Cambridge Creatives interview

I was featured on the Cambridge Creative’s webpage (www.camcreatives.co.uk). Here is a repost from the interview (2015-04-04).

CC talks to Johannes Hjorth about his photographic process, interest in dance and theatre, and telling a story through art.

How did you get into photography?

There are many answers to this question as I started photographing when I was very young, using the family camera. Perhaps the most interesting part of my photographic journey began in January 2014, when I decided to start my photo blog “Hjorth med H”. This marked a transition from photographing what happened around me to more actively seeking out things to photograph, and sharing my photos with a wider audience. The ambition was to make one new post per week.

If you are in Cambridge and like photography, then I would recommend joining the university photo club Phocus. They organise many fun events themselves, but equally important are the notices about different photo opportunities that they forward to their mailing list and Facebook. That was how I first got in touch with the Cambridge University Musical Society, and then later the ADC Theatre. The latter has become a bit of a second home for me.

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After Miss Julie, Jonah Hauer-King and Rose Reade

You photograph a lot of dance and theatre in Cambridge — does that reflect a particular interest in either on your part?

My interest in theatre and dance springs from photography. I have always liked photographing people and what I found so interesting about theatre was that you have this smorgasbord of action and emotion served right in front of you. I really enjoy trying to capture the story in my photos, which is not easy. During a tech rehearsal you can get retakes, but during a dress rehearsal you usually just have the one chance.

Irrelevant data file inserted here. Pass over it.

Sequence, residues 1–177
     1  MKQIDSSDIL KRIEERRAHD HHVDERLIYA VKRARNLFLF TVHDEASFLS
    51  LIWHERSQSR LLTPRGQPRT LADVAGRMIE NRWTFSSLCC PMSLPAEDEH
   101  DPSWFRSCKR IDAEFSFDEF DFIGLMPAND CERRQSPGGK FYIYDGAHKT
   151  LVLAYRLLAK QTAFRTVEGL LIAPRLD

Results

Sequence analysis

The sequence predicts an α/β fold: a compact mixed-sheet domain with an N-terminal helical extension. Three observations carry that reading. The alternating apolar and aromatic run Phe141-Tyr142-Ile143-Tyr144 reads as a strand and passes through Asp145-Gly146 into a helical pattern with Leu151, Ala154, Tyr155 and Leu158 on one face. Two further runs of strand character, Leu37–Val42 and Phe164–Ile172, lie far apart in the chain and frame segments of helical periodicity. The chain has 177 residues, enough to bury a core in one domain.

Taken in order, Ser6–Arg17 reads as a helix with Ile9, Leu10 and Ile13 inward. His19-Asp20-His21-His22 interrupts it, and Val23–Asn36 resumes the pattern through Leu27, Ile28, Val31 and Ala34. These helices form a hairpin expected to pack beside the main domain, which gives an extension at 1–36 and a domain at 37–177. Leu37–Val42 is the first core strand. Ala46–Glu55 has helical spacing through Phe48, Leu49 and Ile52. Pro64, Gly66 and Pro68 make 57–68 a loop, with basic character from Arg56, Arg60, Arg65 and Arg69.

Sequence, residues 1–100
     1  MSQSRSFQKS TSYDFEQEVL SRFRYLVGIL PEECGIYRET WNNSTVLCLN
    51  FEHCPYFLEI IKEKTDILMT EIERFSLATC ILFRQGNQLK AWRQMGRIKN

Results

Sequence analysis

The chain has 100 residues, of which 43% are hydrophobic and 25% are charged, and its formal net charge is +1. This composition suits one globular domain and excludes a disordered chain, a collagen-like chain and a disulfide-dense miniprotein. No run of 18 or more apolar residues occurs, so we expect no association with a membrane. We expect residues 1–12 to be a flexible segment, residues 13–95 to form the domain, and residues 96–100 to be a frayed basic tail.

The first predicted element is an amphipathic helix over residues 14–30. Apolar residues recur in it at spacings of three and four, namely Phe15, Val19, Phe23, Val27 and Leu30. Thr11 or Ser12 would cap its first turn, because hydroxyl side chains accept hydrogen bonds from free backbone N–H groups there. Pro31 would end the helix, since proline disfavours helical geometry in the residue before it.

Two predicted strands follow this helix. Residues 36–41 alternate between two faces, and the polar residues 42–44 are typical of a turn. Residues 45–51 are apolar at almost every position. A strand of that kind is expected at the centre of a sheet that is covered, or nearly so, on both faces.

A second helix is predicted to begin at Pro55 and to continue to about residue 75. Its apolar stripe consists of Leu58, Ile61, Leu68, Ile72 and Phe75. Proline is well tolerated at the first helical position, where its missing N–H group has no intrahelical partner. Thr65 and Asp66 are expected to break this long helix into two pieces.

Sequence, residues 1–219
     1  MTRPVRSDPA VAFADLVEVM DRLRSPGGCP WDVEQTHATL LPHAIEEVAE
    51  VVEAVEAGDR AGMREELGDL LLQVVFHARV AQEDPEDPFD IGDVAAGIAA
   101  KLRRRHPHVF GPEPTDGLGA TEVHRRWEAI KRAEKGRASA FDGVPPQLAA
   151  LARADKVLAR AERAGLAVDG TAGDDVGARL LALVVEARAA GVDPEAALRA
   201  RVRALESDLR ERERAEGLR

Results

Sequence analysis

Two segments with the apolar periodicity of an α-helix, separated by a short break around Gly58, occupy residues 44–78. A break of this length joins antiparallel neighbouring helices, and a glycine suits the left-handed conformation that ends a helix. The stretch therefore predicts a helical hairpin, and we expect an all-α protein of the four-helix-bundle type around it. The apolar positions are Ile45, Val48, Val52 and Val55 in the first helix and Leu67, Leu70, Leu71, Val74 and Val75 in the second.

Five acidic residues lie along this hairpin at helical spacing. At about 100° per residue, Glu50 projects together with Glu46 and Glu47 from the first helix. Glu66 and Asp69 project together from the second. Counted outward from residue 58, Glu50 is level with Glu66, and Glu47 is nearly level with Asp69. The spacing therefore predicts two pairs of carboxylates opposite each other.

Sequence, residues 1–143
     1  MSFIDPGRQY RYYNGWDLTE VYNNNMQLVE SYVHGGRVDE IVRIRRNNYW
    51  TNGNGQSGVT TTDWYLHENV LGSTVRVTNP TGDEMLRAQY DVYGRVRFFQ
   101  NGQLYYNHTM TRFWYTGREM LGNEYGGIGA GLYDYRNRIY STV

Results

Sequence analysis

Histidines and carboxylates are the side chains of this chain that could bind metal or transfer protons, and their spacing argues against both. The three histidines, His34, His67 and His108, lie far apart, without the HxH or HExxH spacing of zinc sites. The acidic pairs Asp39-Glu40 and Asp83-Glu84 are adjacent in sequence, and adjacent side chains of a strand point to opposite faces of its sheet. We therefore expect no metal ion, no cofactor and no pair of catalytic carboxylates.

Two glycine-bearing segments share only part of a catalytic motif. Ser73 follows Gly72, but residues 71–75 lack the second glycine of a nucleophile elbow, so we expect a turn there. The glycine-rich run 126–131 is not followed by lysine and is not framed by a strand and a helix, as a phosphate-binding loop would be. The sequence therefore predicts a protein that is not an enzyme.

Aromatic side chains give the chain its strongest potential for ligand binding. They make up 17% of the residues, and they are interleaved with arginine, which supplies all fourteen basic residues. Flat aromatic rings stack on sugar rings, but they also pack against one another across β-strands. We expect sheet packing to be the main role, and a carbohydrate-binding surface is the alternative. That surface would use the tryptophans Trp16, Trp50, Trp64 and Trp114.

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ADC tech rehearsal for Pravda

When photographing dance, do you feel it’s best for you to remain an outside observer, or are you drawn into the show yourself?

For pre-choreographed shows that I photograph I am purely an external observer. However, I also do ballet photo shoots and then it is more of an interactive process where I take an active part in creating the visual image. Looking back at my old photos I can see how the photos have developed, especially in regard to timing and having an eye for what makes a pose striking. My friend Clara Novo deserves credit for helping me by pointing out what to look for in the poses. I am a slow learner, but I am getting better at capturing the right moment.

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Talcing with Joanna Vymeris

Whilst shooting, do you have the final, edited result in mind, or is the process more organic?

Most of the time I know roughly how the photo should be when I take it. I sometimes play around with composite photos, and then it becomes increasingly important that you have a vision. There are other cases though, when I have photos that did not turn out the way I had intended. These I usually experiment a bit with in post processing, with mixed results.